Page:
History of 2nd Street, Ogden, Utah

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140 West 2nd Street – Pioneer George Pierce – orange brick farmhouse c. 1877

Posted by weberhistory on April 20, 2010

TODAY: George Pierce House; photo 2009.

The 1850s lane leading north from 2nd St. was entrance to east side of fort; now called Anderson’s Lane; photo 2006.


This cross-wing house consists of two sections placed at right angles, roof lines perpendicular; the floor plan resembles an “L”.  The one-story section has two rooms and two exterior doors, one in the front and one in the rear.  There is a porch on the front and a lean-to on the rear.  In the larger section there are two rooms on each level with a second front door on the porch perpendicular to the first front door.  The second section added four more rooms making a large six room house.  In the years after 1880, the cross-wing house replaced the hall-parlor as the most common Utah house type.[1]

The orange burnt brick on this house is a mixture of hard fired adobe and soft fired adobe showing the uneven effect of the kiln.  The size of the bricks is also irregular, averaging 2 and ¾ inches thick and 8 by 4 inches in length and width.  It is most probable that these burnt bricks were made by the Gates Adobe-Brick Mill.  The three foot rock foundation was built with stone brought down from the mountains, and it protected the burnt bricks from moisture and dripping rain.[2]


By the late 1870s George and Jane Romrell Pierce’s board house at 142 West 2nd Street was too small for their eight living children, and they built this burnt brick house about 40 feet to the east of their first house circa 1877.  See 142 W. 2nd for details about the Pierce family.

Jane had a green thumb and beautified the home with flowers and trees.  She sewed the families clothing and sold fruits and vegetables from the home garden.[3]

George grew beautiful apples, pumpkins, corn and sugar cane. In addition to crop farming, George understood the medicinal value of herbs and made healing salves. He doctored settlers and Indians, whoever came to his door.  To earn extra money, George also conducted real estate transactions and sold newspapers from the east.  He died in 1898 and Jane in 1909.

Two of the Pierce children, Porter and Fred, continued to live and farm on 2nd Street, building homes for their families.  Porter built the large house at 141 2nd Street in  about 1900  and rented it.  The house was two stories with Greek revival styling and a variety of surface textures and materials, giving it a very stylish appearance.  One of his renters was widow Jane Ann Mills who had more living space than needed for her family, so she turned Porter’s house into a  boarding house to earn money.  She is pictured below visiting the Sully family next door; on the right is a clear view of the house she rented from Porter Pierce.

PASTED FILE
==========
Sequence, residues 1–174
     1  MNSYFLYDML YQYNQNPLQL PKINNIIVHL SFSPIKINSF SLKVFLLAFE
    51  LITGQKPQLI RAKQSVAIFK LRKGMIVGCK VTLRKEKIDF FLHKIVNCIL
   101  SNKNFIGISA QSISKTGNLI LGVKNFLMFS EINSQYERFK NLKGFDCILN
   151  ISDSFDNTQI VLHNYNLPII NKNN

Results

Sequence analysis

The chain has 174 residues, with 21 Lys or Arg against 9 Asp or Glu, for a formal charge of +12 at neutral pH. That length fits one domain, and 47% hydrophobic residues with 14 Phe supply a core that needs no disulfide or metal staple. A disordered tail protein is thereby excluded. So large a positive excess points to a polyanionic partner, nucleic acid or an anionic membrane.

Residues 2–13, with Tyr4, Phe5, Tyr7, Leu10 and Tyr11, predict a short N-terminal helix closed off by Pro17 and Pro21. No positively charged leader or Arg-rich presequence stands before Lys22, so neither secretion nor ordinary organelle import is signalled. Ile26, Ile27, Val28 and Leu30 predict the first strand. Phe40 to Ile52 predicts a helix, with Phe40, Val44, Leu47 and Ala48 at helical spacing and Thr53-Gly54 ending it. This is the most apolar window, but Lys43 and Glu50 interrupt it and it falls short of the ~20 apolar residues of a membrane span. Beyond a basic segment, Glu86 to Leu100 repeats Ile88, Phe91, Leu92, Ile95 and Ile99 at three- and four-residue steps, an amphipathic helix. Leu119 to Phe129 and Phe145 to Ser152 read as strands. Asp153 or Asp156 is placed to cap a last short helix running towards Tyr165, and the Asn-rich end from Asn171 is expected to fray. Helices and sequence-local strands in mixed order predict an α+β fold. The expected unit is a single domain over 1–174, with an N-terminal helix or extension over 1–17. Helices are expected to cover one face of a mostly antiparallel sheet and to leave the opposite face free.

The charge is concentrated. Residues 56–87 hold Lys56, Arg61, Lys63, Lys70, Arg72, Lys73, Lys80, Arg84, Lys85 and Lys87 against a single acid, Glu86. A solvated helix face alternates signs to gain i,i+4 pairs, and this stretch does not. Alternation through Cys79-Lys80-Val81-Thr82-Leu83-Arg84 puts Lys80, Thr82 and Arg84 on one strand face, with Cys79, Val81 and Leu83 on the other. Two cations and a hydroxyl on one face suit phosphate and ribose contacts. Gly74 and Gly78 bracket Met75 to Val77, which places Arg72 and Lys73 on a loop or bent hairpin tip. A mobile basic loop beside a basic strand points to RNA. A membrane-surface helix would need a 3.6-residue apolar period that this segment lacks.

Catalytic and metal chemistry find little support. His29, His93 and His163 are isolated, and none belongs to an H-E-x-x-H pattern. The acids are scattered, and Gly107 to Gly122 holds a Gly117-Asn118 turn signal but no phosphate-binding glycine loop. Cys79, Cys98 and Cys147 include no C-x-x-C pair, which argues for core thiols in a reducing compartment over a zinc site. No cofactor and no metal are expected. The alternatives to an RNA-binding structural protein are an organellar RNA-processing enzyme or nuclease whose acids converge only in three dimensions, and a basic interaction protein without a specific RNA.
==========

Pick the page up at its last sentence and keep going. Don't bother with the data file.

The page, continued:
Porter Pierce house at 141 2nd St. circa 1905; photo courtesy Myrtle Gamble.

Porter Pierce house at 141 2nd St.on the right; photo c. 1905, courtesy Myrtle Gamble

Mr. and Mrs. Porter Pierce; photo c. 1900.

Mr. and Mrs. Porter Pierce; photo c. 1900.

Porter later married Gretje Smit who immigrated in 1903 from the Netherlands with her parents as converts to the Mormon church.  At this time he quit renting the house and moved in with his bride.

Porter’s brother Fred married Hilma Hallen and built the bungalow house at 233 2nd Street in the 1920s.  Fred and Porter were both farmers, and Fred was a director of the Lynne Irrigation Company.



In 1939 Lyman and Violet Anderson bought and restored the c.1880 George Pierce pioneer home.  In the 1950s Mr. Anderson and his son dug a cellar under the east section of the house, one shovel full at a time; the stairway to the cellar is in the rear lean-to.   Next to the lean-to they made a sixteen foot extension of the cellar with a sloping 4 foot high roof for the purpose of dumping coal.[4] The Andersons also hand painted some of the exterior bricks dark red and the mortar black to enhance the appearance of the burnt brick.

Hand painted bricks & mortar under porch roof.

In time the sun faded the painted mortar and diminished the paint on some of the bricks.

Rear view shows extension for dumping coal.

In the 1940s as an engineer for OUR&D, Mr. Anderson drove the train on the Five Points branch on the south side of 2nd Street.  When driving the train up 2nd Street and approaching his home, Mr. Anderson would blow the whistle, and his young son would run down the lane and ride with his father to Five Points and back again.  Since that time the lane has been known as Anderson’s Lane.

The historic lane was an 1850s entrance to the first east side of the fort.   The Pierce/Anderson house still belongs to Anderson family descendents in 2015. [5]

[1] Cory Jensen, Historic Architecture in Utah: The Cross Wing, Utah Historical Quarterly, Spring 2001; Thomas Carter and Peter Goss, Utah’s Historic Architecture, 1847-1940, 1988, Utah Historical Society, p.37-43.

[2] Observations by Gordon Q. Jones in 2001 during on site visit, author of Pioneer Forts in Ogden Utah, 1996, Ogden Chapter SUP.

[3] Pioneer Women of Faith and Fortitude, DUP, p. 2399.

[4] Deborah Blake, Family Jewel, Standard Examiner- Historic Homes, 2003.

[5] NOTE: From 1853 until 1935 Anderson’s Lane was not dead-end; it was a lane connecting 2nd Street to North Street and  extended on to the intersection with Larson’s Lane (then called Greaser Larsen’s Lane) and the N. Harrisville Road.  In about 1935 Wall Ave. was built, and Anderson’s Lane was shortened to end at North Street; the lane remained a private road.  Today the lane runs north off 2nd for about 300 feet, curves west for about 200 feet, and then turns north again ending at the residence at 142 W. 2nd.  In 1853 the westward 200 feet portion of the road was the original east entrance into Bingham’s Fort.

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